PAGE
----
My favorite area was probably the Haight. That’s where the Summer of Love originated. It’s the 50th anniversary of that summer and I wish I was there now to see it being celebrated. I never thought of myself as a hippie or like I would have fit in better in the 60’s, but man, the Haight made me want to braid my hair, throw on some beads and bell bottoms, hop in a DeLorean and see what it was all about.
The Castro is filled with murals. There were alleyways filled with them. Again, we weren’t able to get out and I missed a lot of good ones, but I tried.
Living in San Francisco proper is extremely expensive. I don’t even mean $10 for two 20oz bottles of Diet Coke. I mean over $3,000 a month rent in some places for a one bedroom studio. A ONE BEDROOM STUDIO! One bedroom and no walls. At least in New York, $3,000 would get you a two bedroom in a building with an elevator. Maybe. In the suburbs, it’s a mortgage payment on a pretty big house (I think. I still live with my
The tour was supposed to take us down Lombard Street, which is the curviest street in
America. California. The world. It’s really curvy and well known. Unfortunately, when we got there, it was closed off to vehicle traffic, which happens often. The residents want to close it off to any and all kinds of traffic eventually, which is problematic because how would they be able to access their homes? and two, who would enforce it? I can see their point though and if asked, I’d probably sign the petition.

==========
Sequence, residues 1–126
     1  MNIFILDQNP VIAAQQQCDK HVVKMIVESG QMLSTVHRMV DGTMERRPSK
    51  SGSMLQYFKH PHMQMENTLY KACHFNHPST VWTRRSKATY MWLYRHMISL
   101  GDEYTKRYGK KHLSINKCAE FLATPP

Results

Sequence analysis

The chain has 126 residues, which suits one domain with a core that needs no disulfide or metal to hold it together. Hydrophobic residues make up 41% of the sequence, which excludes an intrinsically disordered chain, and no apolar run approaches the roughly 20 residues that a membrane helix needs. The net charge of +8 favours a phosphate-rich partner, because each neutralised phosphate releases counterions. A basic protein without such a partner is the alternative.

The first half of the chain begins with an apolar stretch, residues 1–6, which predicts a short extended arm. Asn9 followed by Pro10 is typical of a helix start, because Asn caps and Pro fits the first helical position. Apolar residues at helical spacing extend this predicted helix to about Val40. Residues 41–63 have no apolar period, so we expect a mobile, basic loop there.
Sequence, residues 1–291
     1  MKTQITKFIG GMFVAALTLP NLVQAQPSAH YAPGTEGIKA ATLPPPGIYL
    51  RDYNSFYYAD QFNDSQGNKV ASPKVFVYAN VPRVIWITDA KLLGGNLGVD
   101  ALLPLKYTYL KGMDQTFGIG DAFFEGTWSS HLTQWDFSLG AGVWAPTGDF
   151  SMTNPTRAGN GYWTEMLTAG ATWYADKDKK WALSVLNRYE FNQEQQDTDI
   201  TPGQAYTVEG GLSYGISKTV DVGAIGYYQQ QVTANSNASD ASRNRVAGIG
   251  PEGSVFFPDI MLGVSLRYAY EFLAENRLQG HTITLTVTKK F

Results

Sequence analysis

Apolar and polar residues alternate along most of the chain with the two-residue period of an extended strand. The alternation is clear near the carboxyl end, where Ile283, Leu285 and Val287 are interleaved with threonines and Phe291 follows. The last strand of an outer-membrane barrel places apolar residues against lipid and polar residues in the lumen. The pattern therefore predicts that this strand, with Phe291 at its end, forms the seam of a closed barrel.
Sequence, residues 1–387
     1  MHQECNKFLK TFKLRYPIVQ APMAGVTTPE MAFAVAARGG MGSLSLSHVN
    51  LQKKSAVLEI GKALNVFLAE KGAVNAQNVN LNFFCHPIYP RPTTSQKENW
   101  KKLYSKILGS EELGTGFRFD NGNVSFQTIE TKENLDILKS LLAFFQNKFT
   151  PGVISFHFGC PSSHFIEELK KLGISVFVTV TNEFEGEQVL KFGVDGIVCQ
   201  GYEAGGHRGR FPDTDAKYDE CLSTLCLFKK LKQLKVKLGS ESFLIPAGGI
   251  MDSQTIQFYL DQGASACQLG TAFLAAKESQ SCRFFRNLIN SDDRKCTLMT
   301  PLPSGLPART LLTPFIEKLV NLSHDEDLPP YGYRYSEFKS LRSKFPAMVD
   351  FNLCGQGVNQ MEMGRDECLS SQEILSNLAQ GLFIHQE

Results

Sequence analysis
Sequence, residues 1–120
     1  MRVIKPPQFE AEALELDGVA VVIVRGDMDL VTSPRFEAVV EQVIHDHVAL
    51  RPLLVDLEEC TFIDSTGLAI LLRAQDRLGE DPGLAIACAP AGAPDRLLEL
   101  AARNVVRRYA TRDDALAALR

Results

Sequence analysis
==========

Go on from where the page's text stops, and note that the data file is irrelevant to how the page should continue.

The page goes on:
Since we weren’t able to drive down the block, and that was the main reason I wanted to go on this tour, I made it my mission to get back. When the tour ended, it left us right next to the trolley turnaround. We hopped on the back of the line since one of the trolley’s stops was Lombard Street. About an hour later, we got on the trolley and started up the hill.
When the trolleys get to the turnaround, they stop on this jumbo sized lazy Susan and the workers manually spin it. Here’s a video.
Lombard Street was about five blocks up so we weren’t on the trolley for long. It was cold and windy so no one really minded. We got off when they announced the stop only to find out that the street was now open to vehicular traffic. I swear I almost called the tour company to come and pick us up. Since the street was open with cars on it, we walked on what would be the sidewalk but was really a shallow, long set of stairs. We got to the bottom and, of course, I was trying to channel Ansel Adams and get the perfect shot, but after about 10, I had to just give up.
We walked from the base of Lombard Street to Fisherman’s Wharf. If the streets were flat, it wouldn’t be bad, but the walk was about 6 long, steep blocks of hill. It was kind of scary because after a while my legs were like Jello. It felt like they were ready to give out at any minute. But was it worth it? TOTALLY. So authentic.
We went to the Wharf because we wanted to have a nice, seafood dinner that night and we needed to pick a place. We decided on Alioto’s, a place that’s been there forever and had white tablecloths. #fancy. We quickly Uber-ed back to the hotel to freshen up but Saturday was the coldest day and I felt like absolute crap so I didn’t do much with myself. Needless to say, no pictures were taken.